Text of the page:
Macronutrient supply, uptake and recycling in the coastal ocean of the west Antarctic Peninsula
Nutrient supply, uptake and cycling underpin high primary productivity over the continental shelf of the west Antarctic Peninsula (WAP). Here we use a suite of biogeochemical and isotopic data collected over five years in northern Marguerite Bay to examine these macronutrient dynamics and their controlling biological and physical processes in the WAP coastal ocean.We show pronounced nutrient drawdown over the summer months by primary production which drives a net seasonal nitrate uptake of 1.83 mol N m-2 yr-1, equivalent to net carbon uptake of 146 g C m-2 yr-1. High primary production fuelled primarily by deep-sourced macronutrients is diatom-dominated, but non-siliceous phytoplankton also play a role. Strong nutrient drawdown in the uppermost surface ocean has the potential to cause transient nitrogen limitation before nutrient resupply and/or regeneration. Interannual variability in nutrient utilisation corresponds to winter sea ice duration and the degree of upper ocean mixing, implying susceptibility to physical climate change.The nitrogen isotope composition of nitrate (δ15NNO3) shows a utilisation signal during the growing seasons with a community-level net isotope effect of 4.19 ± 0.29‰. We also observe significant deviation of our data from modelled and observed utilisation trends, and argue that this is driven primarily by water column nitrification and meltwater dilution of surface nitrate.This study is important because it provides a detailed description of the nutrient biogeochemistry underlying high primary productivity at the WAP, and shows that surface ocean nutrient inventories in the Antarctic sea ice zone can be affected by intense recycling in the water column, meltwater dilution and sea ice processes, in addition to utilisation in the upper ocean.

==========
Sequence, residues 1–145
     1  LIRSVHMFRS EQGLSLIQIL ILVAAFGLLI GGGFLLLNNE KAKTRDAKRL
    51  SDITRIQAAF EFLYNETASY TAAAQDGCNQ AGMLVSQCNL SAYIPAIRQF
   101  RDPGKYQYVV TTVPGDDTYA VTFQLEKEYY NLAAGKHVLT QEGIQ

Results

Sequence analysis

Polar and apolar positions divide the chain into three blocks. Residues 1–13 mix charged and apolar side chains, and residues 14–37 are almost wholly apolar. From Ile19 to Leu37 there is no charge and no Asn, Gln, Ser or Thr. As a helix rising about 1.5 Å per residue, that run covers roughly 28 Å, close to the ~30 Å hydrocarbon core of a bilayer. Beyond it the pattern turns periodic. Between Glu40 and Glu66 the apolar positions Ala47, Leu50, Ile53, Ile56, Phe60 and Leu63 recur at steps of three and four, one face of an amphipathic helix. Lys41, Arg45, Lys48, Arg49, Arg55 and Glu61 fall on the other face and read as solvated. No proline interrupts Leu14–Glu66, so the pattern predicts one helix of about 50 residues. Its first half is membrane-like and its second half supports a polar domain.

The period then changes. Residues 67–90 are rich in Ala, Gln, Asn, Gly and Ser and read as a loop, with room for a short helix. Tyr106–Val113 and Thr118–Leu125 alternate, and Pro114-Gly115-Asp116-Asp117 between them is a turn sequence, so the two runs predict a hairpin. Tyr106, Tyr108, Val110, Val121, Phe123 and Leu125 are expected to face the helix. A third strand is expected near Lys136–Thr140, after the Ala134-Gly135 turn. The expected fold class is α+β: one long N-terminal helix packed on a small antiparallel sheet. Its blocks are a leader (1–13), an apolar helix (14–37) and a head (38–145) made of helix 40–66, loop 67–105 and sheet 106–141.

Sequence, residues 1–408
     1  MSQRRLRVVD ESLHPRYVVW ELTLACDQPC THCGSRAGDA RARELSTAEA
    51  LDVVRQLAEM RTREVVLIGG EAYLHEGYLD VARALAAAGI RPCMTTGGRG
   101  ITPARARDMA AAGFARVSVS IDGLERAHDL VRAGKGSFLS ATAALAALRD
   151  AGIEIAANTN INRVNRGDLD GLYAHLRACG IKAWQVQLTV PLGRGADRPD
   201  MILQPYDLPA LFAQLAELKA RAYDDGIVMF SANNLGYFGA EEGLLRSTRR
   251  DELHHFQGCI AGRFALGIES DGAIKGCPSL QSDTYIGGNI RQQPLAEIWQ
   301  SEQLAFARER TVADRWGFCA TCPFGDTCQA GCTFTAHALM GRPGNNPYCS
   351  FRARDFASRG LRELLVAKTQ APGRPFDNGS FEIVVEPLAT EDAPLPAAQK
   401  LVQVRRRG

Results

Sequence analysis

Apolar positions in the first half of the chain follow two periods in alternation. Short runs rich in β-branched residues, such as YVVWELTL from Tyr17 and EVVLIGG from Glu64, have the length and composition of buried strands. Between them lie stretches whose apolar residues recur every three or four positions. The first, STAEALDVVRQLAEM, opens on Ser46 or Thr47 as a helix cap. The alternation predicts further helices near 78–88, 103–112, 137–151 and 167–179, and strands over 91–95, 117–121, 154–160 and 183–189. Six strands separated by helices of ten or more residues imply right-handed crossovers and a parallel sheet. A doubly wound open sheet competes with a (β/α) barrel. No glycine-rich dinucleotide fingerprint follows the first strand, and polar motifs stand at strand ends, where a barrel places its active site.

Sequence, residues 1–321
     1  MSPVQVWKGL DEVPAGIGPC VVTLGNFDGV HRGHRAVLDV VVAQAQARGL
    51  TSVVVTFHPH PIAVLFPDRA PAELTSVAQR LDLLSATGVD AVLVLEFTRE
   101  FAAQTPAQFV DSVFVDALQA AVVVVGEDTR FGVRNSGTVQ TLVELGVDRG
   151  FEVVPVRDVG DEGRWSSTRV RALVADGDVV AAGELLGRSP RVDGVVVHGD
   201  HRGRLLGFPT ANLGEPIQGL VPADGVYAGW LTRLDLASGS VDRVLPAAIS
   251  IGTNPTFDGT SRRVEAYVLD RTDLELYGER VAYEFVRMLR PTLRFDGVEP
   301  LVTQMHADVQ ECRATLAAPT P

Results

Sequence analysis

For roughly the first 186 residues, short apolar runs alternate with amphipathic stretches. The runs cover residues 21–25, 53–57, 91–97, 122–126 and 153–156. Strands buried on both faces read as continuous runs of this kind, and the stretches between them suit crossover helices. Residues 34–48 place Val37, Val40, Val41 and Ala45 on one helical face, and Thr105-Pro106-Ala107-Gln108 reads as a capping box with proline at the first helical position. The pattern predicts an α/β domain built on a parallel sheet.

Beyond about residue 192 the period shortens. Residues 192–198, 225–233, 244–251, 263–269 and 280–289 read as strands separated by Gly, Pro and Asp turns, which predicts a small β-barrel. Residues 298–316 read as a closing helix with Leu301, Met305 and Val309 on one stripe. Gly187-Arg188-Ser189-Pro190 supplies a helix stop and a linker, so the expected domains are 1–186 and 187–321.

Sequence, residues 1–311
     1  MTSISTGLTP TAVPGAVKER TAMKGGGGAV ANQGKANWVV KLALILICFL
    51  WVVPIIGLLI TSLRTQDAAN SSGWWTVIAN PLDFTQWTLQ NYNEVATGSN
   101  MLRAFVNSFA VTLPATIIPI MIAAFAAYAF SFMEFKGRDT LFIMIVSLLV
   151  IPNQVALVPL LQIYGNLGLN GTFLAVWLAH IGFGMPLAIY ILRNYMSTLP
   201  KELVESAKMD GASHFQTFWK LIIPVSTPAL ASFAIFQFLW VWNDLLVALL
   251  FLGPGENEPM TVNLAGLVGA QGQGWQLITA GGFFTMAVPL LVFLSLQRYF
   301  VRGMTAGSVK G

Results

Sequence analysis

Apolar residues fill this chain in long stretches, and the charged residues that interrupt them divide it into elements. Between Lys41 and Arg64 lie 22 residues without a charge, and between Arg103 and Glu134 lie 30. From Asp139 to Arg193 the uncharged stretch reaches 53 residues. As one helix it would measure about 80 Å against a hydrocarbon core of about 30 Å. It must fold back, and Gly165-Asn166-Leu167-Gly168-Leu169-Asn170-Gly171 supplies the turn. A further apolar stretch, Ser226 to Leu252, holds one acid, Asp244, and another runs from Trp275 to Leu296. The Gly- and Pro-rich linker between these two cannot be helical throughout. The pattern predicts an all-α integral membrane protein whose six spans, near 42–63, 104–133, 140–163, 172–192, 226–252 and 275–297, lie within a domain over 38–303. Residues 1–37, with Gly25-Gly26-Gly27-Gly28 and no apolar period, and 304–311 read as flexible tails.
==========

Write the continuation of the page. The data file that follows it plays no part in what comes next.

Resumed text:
Authors: Henley, Sian F., Turena, Robyn E., Annett, Amber L., Fallick, Anthony E., Meredith, Michael P. ORCID record for Michael P. Meredith, Venables, Hugh J., Clarke, Andrew, Ganeshram, Raja S.